The effect on regrowth is varietydependent, and some varieties are more sensitive to repeated use of glyphosate within the crop cycle. Polado L and Touchdown Hi-Tech are formulated without added surfactant – a chemical that changes the surface tension of the liquid and causes it to spread out rather than bead up on the plant surface. Research has demonstrated, however, that a quality non-ionic surfactant can improve the efficacy of these products. The remaining three products – Roundup WeatherMAX, Touchdown IQ and Touchdown Total – are formulated with a surfactant, and no additional surfactant is recommended.
Currently, glyphosate is used on approximately 250,000 to 300,000 sugarcane acres in Louisiana each crop year, netting the state’s sugarcane growers, processors and landlords an estimated $100 per acre in increased revenue. The average increase in recoverable sugar per ton of cane is approximately 20 pounds, in a range of 5 pounds to 30 pounds, depending upon variety, crop condition at and following glyphosate application, and weather conditions between treatment and harvest. The increase in recoverable sugar per ton of cane is accompanied by a corresponding decrease in cane tonnage of approximately 2 tons per acre in a range of 1 ton to 4 tons, depending upon variety and date of glyphosate application.
For early harvest beginning in late September, glyphosate must be applied when the cane is still actively growing in August; therefore, a treatment-to-harvest interval of 28 days is generally recommended. As the harvest season progresses into late October through November when vegetative growth has decreased, the treatment-to-harvest interval can be increased to 49 days for maximum response in recoverable sugar per acre.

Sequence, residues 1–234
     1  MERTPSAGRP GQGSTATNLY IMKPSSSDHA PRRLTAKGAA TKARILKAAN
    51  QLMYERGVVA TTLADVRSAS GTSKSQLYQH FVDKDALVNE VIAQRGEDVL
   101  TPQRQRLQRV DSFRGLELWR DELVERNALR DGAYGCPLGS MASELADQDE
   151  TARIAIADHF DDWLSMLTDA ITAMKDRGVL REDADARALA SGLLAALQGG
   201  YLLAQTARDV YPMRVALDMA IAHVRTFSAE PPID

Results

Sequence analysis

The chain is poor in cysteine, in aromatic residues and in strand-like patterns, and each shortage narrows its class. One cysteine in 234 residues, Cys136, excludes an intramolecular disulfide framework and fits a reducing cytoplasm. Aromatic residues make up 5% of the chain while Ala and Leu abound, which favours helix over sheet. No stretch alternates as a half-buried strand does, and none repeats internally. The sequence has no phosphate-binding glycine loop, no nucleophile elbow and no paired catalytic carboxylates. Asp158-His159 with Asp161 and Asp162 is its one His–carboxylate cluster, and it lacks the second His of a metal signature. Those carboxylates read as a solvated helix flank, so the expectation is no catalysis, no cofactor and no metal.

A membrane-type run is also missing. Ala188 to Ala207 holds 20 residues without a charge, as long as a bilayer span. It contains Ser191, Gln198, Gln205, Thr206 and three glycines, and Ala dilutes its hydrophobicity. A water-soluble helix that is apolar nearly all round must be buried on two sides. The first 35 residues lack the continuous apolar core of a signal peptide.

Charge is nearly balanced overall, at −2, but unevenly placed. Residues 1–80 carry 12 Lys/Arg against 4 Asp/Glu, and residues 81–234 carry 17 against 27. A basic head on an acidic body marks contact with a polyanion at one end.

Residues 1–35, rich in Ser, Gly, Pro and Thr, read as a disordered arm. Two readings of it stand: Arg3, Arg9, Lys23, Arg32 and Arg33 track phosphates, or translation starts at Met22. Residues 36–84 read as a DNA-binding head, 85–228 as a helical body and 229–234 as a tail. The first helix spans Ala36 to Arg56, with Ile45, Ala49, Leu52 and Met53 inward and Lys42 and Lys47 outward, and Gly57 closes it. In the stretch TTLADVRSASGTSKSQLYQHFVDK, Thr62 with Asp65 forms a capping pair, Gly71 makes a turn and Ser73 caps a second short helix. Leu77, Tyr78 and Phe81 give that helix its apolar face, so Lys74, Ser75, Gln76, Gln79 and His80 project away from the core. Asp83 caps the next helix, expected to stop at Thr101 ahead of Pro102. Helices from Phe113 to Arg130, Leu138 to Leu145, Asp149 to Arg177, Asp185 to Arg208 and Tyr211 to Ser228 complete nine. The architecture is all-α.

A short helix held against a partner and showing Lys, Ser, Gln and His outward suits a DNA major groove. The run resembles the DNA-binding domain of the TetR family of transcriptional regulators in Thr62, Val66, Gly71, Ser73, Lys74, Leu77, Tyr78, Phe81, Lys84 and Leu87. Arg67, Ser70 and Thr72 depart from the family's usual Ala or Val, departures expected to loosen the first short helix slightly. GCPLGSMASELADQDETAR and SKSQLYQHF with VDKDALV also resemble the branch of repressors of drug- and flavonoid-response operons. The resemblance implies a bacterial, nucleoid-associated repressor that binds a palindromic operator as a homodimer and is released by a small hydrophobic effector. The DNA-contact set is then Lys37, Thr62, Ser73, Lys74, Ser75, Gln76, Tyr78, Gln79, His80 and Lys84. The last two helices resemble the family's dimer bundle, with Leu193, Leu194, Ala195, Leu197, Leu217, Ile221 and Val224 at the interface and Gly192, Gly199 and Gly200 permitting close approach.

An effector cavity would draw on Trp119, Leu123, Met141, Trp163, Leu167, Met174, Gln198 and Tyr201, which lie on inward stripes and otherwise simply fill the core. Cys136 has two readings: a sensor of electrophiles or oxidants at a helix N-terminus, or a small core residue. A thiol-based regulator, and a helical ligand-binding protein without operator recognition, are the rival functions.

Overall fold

The anticipated increase in sugar per acre can range from 350 pounds early in the harvest season to more than 600 pounds from mid-October through mid- November. This increase in sugar per acre adds approximately $30 million in increased gross revenues each year for the state’s sugarcane industry. With material and application costs of approximately $4 million annually, the use of glyphosate has a benefit-to-use ratio of 7.5 to 1. This cost is typically paid for partly or entirely by the sugar factories because of the increased recovery of sugar per ton of cane.
For the past three years, LSU AgCenter research has been conducted on the use of trinexapac-ethyl (marketed as Palisade) from Syngenta as an alternative to the use of glyphosate. Palisade is a plant growth regulator labeled for use on perennial ryegrass. It slows the growth of grass stems when the product is applied at the manufacturer’s suggested rate. LSU AgCenter research has shown that Palisade can increase the yield of recoverable sugar per ton without a dramatic decrease in cane tonnage or effect on the subsequent stubble crop as seen with glyphosate.
No current glyphosate formulations are labeled for use on the plantcane crop because of the potential for these products to cause significant yield reduction in the subsequent stubble crop, especially when used at higher rates. Therefore, additional research is ongoing to find alternative ripeners like trinexapac-ethyl that can be used on the plantcane crop without subsequent-year yield loss and without deleterious effect on the current yield.
Benjamin L. Legendre, Denver T. Loupe/American Society of Sugarcane Technologists Sugar Heritage Professor and Interim Head, Audubon Sugar Institute, St. Gabriel, La.; Kenneth A. Gravois, Graugnard Brothers Professor and Resident Coordinator, and Keith P. Bischoff, Andrew P. Gay Professor, Sugar Research Station, St. Gabriel, La., and James L. Griffin, Lee Mason LSU Alumni Association Professor, School of Plant, Environmental & Soil Sciences, LSU AgCenter, Baton Rouge, La.
(This article was published in the spring 2008 issue of Louisiana Agriculture.)